UrbanClap garners mixed reviews for its International Men’s Day campaign


This International Men’s Day, a day that not many are aware of and even few celebrate, UrbanClap, chose to take it upon themselves to spread a message that is seldom touched upon. Campaigns with a social message are always at a risk of being overtly preachy or downright controversial, but the trick is to maintain a balance, which the brand did well.

A Gurgaon based online service marketplace, Urban Clap connects customers to service professionals. Founded in the year 2014, it has gained the confidence of corporate veteran Ratan Tata, who saw promise in the venture and invested in them.

Often neglected, International Men’s Day was commemorated by UrbanClap, carefully weaving together their service offerings with the occasion, that balanced the scales, projecting the message of women empowerment and equality while at the same time celebrating and wishing all men, A Happy Men’s Day.

The video begins with Shanti Devi, a mechanic at Transport Nagar on the outskirts of Delhi and many women like her who have challenged the preconceived notions of society to take up jobs that are ‘not for women’.

Keeping their viewers engaged to the very end of the video, it brought the attention of social media users towards Indian women who with their iron clad will, shattered the traditional stereotypes.

Mixed Reviews

Manesh Swamy, Creative Director, Hungama Digital Services opines, “Gender sensitivity is now a universal theme across and this film smartly leverages this proposition. The film starts with a very arrogantly-feminist feel but subdues a little in the end by talking about equality. By far, I think this film stands out from the series of films made on Men’s Day subject because the bold treatment and the unconventional way of thanking men for being around.”

The video premiered on Urban Clap’s social media handles on 19th November and quickly amassed thousands of views.


“One look to their YouTube channel and you will come know that UrbanClap produces lot of online films, What I don’t understand is if you are making an online film and are bold enough to pick a subject of gender sensitivity and claims to be from the equals to equals. Why do you disable the comments of the YouTube video? Let there be a dialogue, communication is the first step towards to solving any situation. The film is good but not sure how much brand rub-off it will add to UrbanClap,” Swamy adds.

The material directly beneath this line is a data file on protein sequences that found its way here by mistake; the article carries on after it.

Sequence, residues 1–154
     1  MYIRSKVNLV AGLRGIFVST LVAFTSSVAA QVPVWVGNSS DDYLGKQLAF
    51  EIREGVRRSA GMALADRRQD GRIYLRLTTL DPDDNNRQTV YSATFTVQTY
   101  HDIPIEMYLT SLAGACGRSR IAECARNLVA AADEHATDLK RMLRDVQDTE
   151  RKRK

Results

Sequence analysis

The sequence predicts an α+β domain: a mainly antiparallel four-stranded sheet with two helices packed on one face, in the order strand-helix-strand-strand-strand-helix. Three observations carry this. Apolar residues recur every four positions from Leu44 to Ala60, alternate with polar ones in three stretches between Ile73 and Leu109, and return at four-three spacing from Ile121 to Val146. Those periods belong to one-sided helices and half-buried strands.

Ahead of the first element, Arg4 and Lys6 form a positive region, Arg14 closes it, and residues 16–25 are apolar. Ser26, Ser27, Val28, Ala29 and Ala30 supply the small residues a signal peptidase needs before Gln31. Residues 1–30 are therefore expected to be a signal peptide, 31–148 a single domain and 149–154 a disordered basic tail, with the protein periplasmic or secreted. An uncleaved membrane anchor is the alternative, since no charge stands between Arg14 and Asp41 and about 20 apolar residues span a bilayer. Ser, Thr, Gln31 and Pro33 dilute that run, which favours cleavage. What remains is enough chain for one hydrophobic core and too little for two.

Feigning the beginning of the video to be that of preaching an ultra-feminist ideology was brilliant as that kept the viewer glued to the very end. Nevertheless, certain elements seemed out place.

Varun Duggirala, Co-Founder, The Glitch, exclaims “The idea of highlighting real women who have taken on work that would traditionally be looked at as a “man’s job” is both interesting and very apt for the times we are in. The mechanic was also a brilliant character but the others lacked the kind of impact she brought to the table, that wink was classic! As a campaign, it’s a strong idea but I somehow didn’t get the main punch line, felt a little confusing to me but I don’t think it diluted the impact too much.”

The Social Nexus

On Facebook, where Urban Clap boasts of more than 133k followers, the video has received a whopping total of 37k views on the video. The video was shared 596 times on Facebook and continues to witness traction and positive response.

On Twitter, Urban Clap has a little over 5k followers, and the campaign video received 14 Retweets and 11 Favourites.

UrbanClap did exceptionally well to capitalize at the lack of number of brands rolling out their campaigns on International Men’s Day. Their campaign video and social message were all perfectly crafted, but as visually astute as it was, UrbanClap could not manage to fully spread the message on social media.

A commendable job nevertheless, UrbanClap received rich dividends in the form of visibility across the social media spectrum building a deeper connect with their existing and new followers, owing to their decision to further a social cause.